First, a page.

The tone of this year’s Rundgang, the annual exhibition of student work at the Academy of Fine Arts Leipzig (HGB), is one of protest. Under the title ‚ÄěJetzt‚Äú (‚ÄúNow‚ÄĚ), from 14-17 February 2019, the students shall refrain from presenting their work in favor of creating a space of collective action to demand better financial and structural conditions.
Explains Luisa Hohlfeld, President of the HGB Student Council:
We want to send a clear signal with this year’s tour. The abandonment of the class presentations as a sign of solidarity is a sacrifice for us, and especially for the diploma students, who usually issue their final [projects] at the end of the winter semester in the school gallery.
During the event, classrooms and studios will remain open, as in previous years, but empty. Statements, however, may be found attached to room entrances as a prelude to possible interactions. Professors and students will also be present, as all are invited to participate in a series of actions and discourses over the four-day event.
A service center will be established in the atrium and an informational sheet listing facts and demands (in English as well) will be available to all visitors during the tour.
Space for dialogue and discussion is also created on the HGB website, where users can post questions, statements and comments during the tour, which will be replied to by members of the HGB, according to an announced schedule.
‚ÄúThe so-called Hochschulfreiheit in its current implementation is an action corset, determined by financial allocations, rules and controls,”¬†says Thomas Locher, Rector of the HGB. “We need sufficient funding, more jobs, enough space and above all dialogue at eye level. Control instruments such as target agreements are a punishment system and are based on quantified criteria that are senseless for a [art] university.”
Competition and efficiency are not the logic by which artistic learning and research can be primarily organized and evaluated.
Art as protest – and protest art – retains high visibility in contemporary society, and its history demonstrates a continually viable platform for fortifying righteousness and forcing conversations. Perhaps lesser known is the notion of invisible or unseen artwork, which can be traced from French artist Klein’s concept of the ‚ÄúArchitecture of Air‚ÄĚ in the 1950s, to later examples such as Warhol’s ‚ÄúInvisible Sculpture‚ÄĚ (1985) or Tom Friedman’s work in the 1990s, such as ‚Äú1,000 Hours of Staring‚ÄĚ and ‚ÄúUntitled (A Curse).‚ÄĚ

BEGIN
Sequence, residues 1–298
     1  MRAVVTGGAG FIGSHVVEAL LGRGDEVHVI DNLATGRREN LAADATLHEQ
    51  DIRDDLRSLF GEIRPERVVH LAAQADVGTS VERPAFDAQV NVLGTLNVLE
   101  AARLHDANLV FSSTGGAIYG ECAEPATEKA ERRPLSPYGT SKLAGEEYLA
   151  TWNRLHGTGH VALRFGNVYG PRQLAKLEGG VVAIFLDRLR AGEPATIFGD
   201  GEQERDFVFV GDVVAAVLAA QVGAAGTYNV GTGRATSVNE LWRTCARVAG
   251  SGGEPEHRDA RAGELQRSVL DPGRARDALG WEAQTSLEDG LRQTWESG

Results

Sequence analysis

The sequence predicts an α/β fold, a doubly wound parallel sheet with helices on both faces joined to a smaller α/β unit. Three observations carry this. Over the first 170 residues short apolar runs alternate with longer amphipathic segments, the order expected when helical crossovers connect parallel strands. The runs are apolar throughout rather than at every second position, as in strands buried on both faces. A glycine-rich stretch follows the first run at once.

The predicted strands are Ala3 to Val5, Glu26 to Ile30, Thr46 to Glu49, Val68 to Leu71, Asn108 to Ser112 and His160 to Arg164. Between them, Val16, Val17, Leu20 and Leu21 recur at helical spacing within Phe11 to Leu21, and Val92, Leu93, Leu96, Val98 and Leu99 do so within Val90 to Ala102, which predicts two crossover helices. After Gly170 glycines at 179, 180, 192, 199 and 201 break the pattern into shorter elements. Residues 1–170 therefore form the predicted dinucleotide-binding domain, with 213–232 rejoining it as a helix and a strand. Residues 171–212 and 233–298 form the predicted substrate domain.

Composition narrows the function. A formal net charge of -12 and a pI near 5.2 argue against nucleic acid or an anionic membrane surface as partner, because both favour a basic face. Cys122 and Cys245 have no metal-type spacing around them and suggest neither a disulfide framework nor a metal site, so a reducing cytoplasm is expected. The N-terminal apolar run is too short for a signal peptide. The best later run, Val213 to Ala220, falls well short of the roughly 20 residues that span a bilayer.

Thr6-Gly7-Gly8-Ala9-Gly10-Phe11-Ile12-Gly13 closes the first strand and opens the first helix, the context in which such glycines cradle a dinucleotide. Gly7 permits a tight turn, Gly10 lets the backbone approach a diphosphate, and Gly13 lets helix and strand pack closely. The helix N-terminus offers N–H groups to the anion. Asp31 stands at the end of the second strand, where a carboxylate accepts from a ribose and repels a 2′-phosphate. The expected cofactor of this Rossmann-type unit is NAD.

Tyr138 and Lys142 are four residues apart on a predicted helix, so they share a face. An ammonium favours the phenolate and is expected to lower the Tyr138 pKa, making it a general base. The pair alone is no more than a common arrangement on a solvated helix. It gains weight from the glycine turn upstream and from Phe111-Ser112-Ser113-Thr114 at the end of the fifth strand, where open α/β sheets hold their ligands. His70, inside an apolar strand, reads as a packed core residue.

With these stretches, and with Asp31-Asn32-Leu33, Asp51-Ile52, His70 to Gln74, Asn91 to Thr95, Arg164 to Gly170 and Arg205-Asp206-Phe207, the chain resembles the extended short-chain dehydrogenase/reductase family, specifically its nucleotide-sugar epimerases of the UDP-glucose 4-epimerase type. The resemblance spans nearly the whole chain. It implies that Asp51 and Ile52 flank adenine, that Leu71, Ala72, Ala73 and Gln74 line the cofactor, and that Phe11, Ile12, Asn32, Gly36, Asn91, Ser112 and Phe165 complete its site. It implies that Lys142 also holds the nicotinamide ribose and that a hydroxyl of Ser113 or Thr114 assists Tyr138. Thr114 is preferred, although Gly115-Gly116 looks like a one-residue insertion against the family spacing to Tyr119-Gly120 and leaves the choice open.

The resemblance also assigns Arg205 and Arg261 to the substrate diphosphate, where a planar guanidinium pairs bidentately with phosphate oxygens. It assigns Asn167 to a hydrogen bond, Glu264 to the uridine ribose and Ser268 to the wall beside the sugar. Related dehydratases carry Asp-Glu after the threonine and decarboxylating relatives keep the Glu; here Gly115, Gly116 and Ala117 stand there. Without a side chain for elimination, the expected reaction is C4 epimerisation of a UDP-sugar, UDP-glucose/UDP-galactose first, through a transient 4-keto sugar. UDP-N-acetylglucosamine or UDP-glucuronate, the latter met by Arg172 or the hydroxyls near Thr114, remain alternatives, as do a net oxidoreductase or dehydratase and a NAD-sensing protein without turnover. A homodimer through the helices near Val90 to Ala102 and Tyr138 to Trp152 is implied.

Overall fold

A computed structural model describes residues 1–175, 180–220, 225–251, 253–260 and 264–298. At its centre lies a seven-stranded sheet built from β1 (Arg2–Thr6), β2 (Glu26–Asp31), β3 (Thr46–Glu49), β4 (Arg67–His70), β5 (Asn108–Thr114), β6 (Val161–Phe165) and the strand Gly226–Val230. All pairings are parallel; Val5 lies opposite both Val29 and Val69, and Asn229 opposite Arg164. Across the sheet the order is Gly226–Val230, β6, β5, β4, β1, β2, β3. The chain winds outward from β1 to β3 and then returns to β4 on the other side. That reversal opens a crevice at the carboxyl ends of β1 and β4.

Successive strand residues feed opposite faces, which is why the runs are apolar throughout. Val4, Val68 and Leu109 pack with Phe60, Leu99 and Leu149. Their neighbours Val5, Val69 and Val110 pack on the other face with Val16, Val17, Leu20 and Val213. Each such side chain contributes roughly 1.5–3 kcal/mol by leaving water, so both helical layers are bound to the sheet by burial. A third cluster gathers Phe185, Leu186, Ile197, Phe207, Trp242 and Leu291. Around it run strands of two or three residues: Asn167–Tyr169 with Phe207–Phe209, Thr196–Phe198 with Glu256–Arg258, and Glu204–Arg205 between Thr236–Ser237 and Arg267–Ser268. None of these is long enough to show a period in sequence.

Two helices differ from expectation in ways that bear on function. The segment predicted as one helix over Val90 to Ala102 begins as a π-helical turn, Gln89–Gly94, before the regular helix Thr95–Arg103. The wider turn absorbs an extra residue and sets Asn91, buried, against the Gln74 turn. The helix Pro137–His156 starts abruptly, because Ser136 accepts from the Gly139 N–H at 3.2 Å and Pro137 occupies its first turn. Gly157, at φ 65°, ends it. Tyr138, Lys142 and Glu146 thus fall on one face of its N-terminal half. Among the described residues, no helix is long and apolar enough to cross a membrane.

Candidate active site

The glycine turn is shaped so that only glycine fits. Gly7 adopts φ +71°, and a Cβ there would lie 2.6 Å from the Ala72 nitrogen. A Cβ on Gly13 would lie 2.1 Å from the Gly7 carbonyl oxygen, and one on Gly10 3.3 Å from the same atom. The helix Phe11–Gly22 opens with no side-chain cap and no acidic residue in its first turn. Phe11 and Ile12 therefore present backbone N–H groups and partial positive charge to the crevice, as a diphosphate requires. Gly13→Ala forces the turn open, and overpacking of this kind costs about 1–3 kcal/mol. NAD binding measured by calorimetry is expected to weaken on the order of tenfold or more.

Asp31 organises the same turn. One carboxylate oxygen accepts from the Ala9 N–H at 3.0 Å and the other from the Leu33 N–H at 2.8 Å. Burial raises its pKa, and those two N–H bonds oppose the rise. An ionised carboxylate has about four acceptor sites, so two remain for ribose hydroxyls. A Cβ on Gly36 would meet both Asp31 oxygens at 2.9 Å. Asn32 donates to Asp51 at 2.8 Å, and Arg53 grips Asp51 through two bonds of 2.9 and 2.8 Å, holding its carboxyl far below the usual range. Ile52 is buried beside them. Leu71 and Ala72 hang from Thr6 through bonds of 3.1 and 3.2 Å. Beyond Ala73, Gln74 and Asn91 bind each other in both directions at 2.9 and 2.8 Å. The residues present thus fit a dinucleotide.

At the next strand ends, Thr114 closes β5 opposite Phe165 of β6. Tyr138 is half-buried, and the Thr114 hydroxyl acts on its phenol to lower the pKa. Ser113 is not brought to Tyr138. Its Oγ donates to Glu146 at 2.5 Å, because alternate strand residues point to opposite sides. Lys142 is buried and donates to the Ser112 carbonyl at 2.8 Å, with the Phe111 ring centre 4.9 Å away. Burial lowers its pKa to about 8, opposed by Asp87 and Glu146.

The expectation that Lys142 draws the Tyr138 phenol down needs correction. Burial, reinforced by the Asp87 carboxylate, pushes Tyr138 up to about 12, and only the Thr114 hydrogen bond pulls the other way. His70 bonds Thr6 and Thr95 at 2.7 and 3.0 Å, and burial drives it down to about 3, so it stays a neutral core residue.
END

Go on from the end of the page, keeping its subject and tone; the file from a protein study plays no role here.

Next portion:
At stake here, however, is the sense of absence when structures intended to support students of art and art educational institutions collapse.
It is difficult, actually horrible, to imagine a world without art. A temporary taste of such deprivation presented during the Rundgang comes at no small price, especially for its students. Furthermore, the impact of such protest on the public serves as a type of cultural barometer.
When asked why it is especially important for people to visit the Rundgang at HGB this year, PR Spokesperson Meike Giebeler reiterated the imperative: ‚ÄúWe need the dialogue and the support of our friends, alumni and partners.‚ÄĚ
Want to show your support? Be present during this absence; attend the Rundgang this weekend at the Academy of Fine Arts Leipzig.
HGB Rundgang 2019
Saturday, 16 February: 11:00‚Äď22:00 o’clock
Sunday, 17 February 17: 11:00‚Äď20:00 o’clock
Talk: ‚ÄěS√§chsische Kultur- und Bildungspolitik und ihre Auswirkungen auf Leipziger Kunstinstitutionen‚Äú
Roundtable discussion with representatives of Leipzig cultural institutions
Sunday, 17 February, 14:00 o’clock, HGB Festsaal
@ Hochschule f√ľr Grafik und Buchkunst / Academy of Fine Arts Leipzig
W√§chterstra√üe 11, 04107 Leipzig